Photo credit:

Declared a World Heritage site in 1988 along with the Valle de los Ingenios, Cuba’s oldest and most enchanting ‘outdoor museum’ is one of the few sites on the island where locals and foreigners can mix in a way that is both relaxed and unguarded. And with more than 300 casas particulares and only three decent city-center hotels, cross-cultural interaction is positively encouraged, creating a kind of Varadero in reverse.

Bumping and stumbling over the cobblestone streets as you enter town you’ll quickly see what all the fuss is about. Trinidad’s beautifully restored houses and cool, tiled, colonial courtyards combine perfectly with an exceptional natural setting to create a scene of unrivalled ambience.

Jardines del Rey

The archipelago Jardines del Rey (King gardens), extends along the northern coast of central Cuba . Some of its keys are larger than some countries and its almost intact nature has positioned it as one of the most highly sought destinations in the Cuban Caribbean.

A magnificent 250-mile-long coral reef borders its northern coast. It constitutes the second longest coral reef in the world, only surpassed by the Great Barrier Reef in Australia.

American writer and Nobel and Pulitzer Prize winner Ernest Hemingway, wrote his book “Islands in the Stream” inspired by the paradisiacal islets.

Among the insular formations in this archipelago you will find: Cayo Coco, a key joined to the major island by a 10-mile causeway and, in turn, joined to the neighbouring isles of Cayo Guillermo and Cayo Paredón Grande.


Photo caption: Cuba Tourist Board

This rugged mountainous region was pronounced “the most beautiful land eyes have ever seen” by Christopher Columbus when he first sighted it in 1492. But Holguin’s beauty extends beyond the hills and exquisite beaches. Under water are amazing dive sites, and below ground are the world’s second-largest deposits of nickel and cobalt.

When Columbus discovered the northern shores of Holguin, most of it was part of the Great Maniabón Indian territory. He also identified the area’s mineral beds, which are now the world’s second-largest deposits of nickel and cobalt. Today, the mountains and tropical forests remain virtually untouched, offering unparalleled ecotourism opportunities. And the beaches, lagoons and bays are irresistible …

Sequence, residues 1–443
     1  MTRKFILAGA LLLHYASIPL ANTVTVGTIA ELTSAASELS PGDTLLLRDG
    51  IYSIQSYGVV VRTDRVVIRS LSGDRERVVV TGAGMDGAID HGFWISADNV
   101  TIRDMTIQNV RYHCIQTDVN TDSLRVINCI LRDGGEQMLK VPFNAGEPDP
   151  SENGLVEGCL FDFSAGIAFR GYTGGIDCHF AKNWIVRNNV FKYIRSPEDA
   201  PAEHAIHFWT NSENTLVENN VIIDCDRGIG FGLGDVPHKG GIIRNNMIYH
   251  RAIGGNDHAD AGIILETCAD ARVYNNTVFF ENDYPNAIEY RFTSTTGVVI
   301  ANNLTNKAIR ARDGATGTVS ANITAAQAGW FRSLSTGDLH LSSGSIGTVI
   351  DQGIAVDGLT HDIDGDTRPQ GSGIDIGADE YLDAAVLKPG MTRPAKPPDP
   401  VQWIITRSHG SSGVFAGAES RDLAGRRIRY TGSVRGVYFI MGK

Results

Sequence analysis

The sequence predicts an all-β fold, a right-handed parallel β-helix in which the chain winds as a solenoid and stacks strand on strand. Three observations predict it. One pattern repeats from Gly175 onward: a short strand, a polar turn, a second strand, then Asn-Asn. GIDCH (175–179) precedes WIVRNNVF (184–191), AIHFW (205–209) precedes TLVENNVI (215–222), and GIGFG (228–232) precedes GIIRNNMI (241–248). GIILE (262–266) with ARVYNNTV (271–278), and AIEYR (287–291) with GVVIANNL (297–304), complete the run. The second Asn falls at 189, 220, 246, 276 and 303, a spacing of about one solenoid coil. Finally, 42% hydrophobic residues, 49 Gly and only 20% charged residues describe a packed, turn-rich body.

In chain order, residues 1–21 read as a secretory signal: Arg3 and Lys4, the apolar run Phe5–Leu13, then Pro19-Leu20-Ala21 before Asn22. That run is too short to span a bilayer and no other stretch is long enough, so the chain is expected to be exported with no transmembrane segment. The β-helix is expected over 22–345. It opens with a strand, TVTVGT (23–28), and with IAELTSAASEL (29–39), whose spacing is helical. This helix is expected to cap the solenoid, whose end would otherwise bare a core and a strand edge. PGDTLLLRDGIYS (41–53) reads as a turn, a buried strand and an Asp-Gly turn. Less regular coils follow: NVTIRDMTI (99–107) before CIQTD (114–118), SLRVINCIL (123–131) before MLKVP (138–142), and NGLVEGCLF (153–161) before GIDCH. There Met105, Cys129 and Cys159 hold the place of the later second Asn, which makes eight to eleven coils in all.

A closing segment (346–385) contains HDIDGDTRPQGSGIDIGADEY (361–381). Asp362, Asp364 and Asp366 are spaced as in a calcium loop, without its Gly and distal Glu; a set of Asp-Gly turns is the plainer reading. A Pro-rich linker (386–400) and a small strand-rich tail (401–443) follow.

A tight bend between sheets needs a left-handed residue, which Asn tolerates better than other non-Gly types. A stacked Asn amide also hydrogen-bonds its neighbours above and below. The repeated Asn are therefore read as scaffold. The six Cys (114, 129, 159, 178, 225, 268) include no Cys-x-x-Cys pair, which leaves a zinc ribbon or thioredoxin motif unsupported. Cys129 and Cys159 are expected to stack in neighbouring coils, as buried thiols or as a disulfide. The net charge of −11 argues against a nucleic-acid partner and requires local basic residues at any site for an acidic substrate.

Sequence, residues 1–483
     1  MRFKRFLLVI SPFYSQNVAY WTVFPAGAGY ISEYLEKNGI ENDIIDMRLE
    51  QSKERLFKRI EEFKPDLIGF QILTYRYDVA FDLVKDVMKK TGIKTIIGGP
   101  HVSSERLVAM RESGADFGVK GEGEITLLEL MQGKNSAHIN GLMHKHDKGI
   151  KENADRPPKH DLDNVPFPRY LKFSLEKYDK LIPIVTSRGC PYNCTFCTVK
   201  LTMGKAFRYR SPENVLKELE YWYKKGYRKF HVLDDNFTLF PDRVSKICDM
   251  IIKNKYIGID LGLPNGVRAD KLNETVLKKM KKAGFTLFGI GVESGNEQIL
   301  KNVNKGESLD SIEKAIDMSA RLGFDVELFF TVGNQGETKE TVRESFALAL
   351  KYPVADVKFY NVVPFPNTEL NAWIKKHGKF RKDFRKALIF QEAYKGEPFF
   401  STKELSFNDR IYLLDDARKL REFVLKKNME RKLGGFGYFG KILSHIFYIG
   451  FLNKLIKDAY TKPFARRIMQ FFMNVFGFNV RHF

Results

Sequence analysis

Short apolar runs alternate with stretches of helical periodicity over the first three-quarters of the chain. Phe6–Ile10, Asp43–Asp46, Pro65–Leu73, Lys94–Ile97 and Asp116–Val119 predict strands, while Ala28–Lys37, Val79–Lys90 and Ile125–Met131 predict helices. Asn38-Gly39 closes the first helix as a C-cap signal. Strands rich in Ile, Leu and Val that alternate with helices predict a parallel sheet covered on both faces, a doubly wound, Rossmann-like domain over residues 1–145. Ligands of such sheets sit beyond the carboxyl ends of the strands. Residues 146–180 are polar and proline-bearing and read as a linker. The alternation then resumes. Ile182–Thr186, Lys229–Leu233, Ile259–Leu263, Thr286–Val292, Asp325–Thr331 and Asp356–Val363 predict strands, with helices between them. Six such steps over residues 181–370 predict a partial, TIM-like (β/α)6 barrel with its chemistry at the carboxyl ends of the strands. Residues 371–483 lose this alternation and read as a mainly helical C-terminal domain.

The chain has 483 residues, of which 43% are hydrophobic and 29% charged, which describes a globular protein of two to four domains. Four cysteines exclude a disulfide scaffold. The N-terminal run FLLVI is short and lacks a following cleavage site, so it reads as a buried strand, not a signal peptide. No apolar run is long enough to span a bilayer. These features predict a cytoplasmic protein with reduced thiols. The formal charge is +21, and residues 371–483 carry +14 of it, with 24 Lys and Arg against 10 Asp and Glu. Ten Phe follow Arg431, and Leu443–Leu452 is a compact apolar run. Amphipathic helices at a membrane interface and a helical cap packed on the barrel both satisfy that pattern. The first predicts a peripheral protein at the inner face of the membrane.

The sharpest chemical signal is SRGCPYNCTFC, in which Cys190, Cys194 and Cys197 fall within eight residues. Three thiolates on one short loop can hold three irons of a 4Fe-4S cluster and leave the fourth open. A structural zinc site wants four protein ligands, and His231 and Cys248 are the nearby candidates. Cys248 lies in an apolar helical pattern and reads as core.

Cuba is an island that conducive to having fun, that’s why you can’t overlook visiting its night clubs, famous cabarets, clubs, or concert halls; and your trip may coincide with some of the islands famous festivals and carnivals.

If you love golf, Cuba is hardly ‘par for the course’. For those that prefer a difficult par and an easy bogey, Cuba’s golf courses possess excellent natural conditions. The courses are spacious, on level ground and covered by fine grass and interior lakes, sometimes situated between gentle rolling hills.

But if your preference is to be below water, you should know that the World Organization of Tourism identified Cuba among the 27 most important destinations in the world for diving. Cuba features more than 500 diving sites, spread across exotic underwater landscapes. Caves, vertical walls, tunnels and channels offer infinite options for diving.

Cuba can provide a variety of activities for ecotourists. The islands’ bounty of natural attractions, paired with its meticulous conservation practices, makes it one of the best ecotourism destinations in the Caribbean. Cuba can boast of some 263 protected areas, covering approximately 22 percent of the total land of the island. This includes six UNESCO biospheres that range from the coastal scrublands of Península de Guanahacabibes in Pinar del Río to the untouched rainforests of Cuchillas del Toa in Guantánamo. There are some 350 species of birds, as well as endangered species such as the Cuban crocodile, the jutía and the ivory-billed woodpecker. The province of Pinar del Río is particularly well-endowed when it comes to natural attractions: there are two UNESCO biospheres and a UNESCO World Heritage Site, the sprawling Valley of Vinales. Pinar del Río’s Las Terrazas is an ideal base for ecotours: it was Cuba’s first sustainable resort community.

All-in-all, a trip to Cuba is unforgettable, and when considering a vacation in the Caribbean, or satisfying your desire to visit somewhere combing sun and sand and a distinctive culture, consider a trip to Cuba. Your memory will appreciate your decision!

All content © 2011-2018 Great World Getaways unless otherwise noted